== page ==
From a place of fear

April 21, 2020

So, we’ve had a few hard weeks here at the Dickinson house.  Between isolation, homeschooling and the general fear of what is happening in the world, this has not been normal for us.  And then there was more…

On March 4th, my husband Simon came home sick from work.  I don’t think he’s done that in the past 17 years.  He was feverish.  Had a cough.  Body aches.  This was just before the WHO declared Covid-19 as a pandemic.  But Simon was sick.  He had a fever for seven days – up and down.  He was tired.  


I called my rheumatologist the next week, to get a gut check on what to do.  For the first time in two years, he told me not to take medication while someone in the house was symptomatic.  On March 28th, both Simon and I had a nasal swab to be tested for Covid-19.  It took 8 more days for the results to come back, and they were negative.  So, that was good news.  


But given the fact that there was a high chance of a false negative, the doctors told us to self-isolate for as long as we were symptomatic.  Simon was symptomatic for six weeks.  It turns out he had walking pneumonia, but you see what we were dealing with?  6 weeks of me being off treatment.


Oh, and fear.


I am constantly battling between the benefits of the drug I take to slow down my disease, and being young and on an immunosuppressant.  I constantly think about what the long term effects will be on my body.  I am basically choosing between losing mobility or potential for long term side effects later on in life.  And I battle this with myself every day.


My go-to is heeding my doctor’s advice.  Because the Anklyosing Spondolitis was progressing aggressively, I have chosen mobility over the side effects of the drugs.  Under normal circumstances, my family has been supportive of my decision.

Now is not normal


Given the fear right now, no one is supportive of me going back on regime.  And that’s a challenge for me.  Because now, not only am I feeling unwell, due to my treatment…but I am also feeling alone.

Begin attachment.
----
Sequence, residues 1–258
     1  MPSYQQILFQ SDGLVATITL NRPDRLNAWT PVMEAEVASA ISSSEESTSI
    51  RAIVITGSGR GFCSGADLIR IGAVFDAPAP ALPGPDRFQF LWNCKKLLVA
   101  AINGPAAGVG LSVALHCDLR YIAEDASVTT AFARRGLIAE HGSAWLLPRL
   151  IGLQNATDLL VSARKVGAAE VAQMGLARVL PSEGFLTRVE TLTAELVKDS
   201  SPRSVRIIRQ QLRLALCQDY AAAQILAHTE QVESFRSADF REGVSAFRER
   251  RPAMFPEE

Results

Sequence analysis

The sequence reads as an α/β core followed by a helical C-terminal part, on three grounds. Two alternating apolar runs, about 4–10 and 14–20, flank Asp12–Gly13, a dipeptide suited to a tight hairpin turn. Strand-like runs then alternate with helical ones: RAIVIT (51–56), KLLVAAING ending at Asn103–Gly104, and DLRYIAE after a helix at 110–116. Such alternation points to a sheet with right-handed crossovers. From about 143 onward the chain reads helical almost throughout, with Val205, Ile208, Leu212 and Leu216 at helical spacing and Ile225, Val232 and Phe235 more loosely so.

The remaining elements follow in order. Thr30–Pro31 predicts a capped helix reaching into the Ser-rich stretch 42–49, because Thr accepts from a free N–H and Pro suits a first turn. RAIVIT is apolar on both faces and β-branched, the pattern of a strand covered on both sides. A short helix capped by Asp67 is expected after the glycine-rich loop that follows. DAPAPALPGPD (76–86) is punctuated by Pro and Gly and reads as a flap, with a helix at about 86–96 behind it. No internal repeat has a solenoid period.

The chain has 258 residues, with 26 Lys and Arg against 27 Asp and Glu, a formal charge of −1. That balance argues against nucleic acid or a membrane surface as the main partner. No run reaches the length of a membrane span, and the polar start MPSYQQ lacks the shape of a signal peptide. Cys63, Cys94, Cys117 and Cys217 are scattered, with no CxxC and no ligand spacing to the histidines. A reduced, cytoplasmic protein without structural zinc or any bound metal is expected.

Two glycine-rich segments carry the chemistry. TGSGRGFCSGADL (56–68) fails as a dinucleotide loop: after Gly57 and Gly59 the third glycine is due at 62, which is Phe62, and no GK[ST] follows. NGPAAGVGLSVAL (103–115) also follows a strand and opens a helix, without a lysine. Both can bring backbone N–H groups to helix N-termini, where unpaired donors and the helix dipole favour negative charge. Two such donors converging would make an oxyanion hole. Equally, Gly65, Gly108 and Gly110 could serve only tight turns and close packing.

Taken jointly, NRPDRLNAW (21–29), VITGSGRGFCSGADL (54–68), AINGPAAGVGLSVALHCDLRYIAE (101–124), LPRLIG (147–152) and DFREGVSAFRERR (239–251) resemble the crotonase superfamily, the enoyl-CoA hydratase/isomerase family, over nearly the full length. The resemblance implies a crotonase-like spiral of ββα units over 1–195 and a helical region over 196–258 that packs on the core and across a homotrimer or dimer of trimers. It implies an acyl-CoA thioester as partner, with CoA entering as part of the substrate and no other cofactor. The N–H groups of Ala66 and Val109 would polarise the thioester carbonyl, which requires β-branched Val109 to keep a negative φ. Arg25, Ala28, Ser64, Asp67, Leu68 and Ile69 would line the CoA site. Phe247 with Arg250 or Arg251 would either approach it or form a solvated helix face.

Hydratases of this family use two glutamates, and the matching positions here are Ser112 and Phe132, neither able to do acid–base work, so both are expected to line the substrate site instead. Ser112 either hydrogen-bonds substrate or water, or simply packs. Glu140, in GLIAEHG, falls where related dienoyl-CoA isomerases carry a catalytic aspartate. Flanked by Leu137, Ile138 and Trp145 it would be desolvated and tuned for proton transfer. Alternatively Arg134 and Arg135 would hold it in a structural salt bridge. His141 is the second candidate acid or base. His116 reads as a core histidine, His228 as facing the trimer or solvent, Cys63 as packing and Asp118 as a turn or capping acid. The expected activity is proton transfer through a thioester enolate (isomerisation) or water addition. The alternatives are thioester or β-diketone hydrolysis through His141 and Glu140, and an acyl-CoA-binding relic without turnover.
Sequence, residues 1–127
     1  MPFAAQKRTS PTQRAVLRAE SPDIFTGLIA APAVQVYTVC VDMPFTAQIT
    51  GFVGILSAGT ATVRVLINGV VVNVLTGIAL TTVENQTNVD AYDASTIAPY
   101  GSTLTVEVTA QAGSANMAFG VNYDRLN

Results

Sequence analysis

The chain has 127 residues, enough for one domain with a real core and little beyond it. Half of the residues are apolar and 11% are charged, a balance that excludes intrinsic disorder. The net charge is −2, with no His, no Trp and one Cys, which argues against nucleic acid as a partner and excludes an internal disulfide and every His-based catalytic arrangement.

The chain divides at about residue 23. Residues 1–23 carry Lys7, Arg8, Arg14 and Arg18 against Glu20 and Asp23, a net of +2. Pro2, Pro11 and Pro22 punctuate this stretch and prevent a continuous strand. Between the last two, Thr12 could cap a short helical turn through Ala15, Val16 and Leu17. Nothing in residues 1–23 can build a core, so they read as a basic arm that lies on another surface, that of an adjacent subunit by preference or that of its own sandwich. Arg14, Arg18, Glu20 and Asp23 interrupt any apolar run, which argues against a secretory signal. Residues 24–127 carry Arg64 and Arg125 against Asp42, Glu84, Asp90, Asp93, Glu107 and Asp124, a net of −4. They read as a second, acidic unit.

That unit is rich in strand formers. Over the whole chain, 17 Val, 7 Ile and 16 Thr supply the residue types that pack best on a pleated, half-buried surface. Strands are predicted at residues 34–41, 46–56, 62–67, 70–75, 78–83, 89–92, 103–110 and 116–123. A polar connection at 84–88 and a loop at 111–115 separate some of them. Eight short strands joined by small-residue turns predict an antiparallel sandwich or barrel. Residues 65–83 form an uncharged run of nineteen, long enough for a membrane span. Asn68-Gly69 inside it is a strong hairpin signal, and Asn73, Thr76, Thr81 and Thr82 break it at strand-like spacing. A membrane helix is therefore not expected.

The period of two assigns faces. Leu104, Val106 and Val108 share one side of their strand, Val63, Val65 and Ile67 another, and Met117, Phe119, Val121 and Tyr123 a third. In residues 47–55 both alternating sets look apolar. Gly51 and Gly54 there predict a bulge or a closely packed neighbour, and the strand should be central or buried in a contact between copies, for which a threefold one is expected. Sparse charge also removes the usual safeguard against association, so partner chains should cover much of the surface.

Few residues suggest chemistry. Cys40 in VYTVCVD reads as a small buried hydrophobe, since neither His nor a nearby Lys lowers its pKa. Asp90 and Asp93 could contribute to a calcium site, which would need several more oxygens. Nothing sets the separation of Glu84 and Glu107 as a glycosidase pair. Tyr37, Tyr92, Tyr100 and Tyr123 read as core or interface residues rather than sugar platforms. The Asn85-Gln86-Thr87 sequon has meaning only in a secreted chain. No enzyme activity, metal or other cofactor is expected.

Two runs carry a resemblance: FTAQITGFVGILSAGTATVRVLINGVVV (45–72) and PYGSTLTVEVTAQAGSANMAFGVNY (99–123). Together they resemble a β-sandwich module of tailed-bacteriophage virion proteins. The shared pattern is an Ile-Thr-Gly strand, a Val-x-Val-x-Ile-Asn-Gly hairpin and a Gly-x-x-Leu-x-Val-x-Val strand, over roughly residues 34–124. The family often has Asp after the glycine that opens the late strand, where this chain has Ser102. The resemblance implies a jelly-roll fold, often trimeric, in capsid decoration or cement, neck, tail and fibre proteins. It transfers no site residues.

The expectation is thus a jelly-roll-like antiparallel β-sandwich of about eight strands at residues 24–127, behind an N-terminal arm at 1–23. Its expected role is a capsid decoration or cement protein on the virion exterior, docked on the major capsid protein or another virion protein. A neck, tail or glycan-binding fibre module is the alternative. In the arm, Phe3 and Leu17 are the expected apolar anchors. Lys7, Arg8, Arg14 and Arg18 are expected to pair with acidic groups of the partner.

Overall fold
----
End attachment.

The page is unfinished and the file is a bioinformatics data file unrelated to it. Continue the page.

One of the cons of stopping my treatment for as long as I did…is that I feel like I am back to square one.  Most weeks, I take the drug on Thursday night.  The side effect I feel is like the worst hangover you’ve ever had, with a side of intense joint pain for 24 hours.  Friday night isn’t great, but by Saturday, I am feeling like I can handle it. Maybe my body had built up a “tolerance” or maybe in my mind I had.


Either way, I am back at the beginning.  This is my second week, and I’m bedridden because I threw up all night.  By myself.  Because Simon was working.  I felt isolated and alone.


From a patient perspective, there is a certain amount of anxiety that comes from being medically vulnerable during a medical crisis.  Making a choice that goes against my family’s wishes adds a whole new layer of stress.


Here’s what I’ve learned.  I recognize that everything to do with Covid-19 is out of my control.  The only thing I control is how I manage my body and how I keep myself healthy during this time.


I am listening to my physician.  He is the trusted healthcare professional who manages my care.


And I acknowledge my fears about going back on treatment.  This is hard, as a mom, a wife, a business person and a family member.  So I got informed and made sure I had good knowledge in my hands.  My commitment to myself is that I will continue be careful not to make my healthcare choices from a place of fear.  Not my fear.  And not the fear of my family.  Doing this…this is the hard part.  It is easier to make a decision from a place of fear.  But that is not the right decision for me.  


Be well and be safe, my community.  We are all in this together.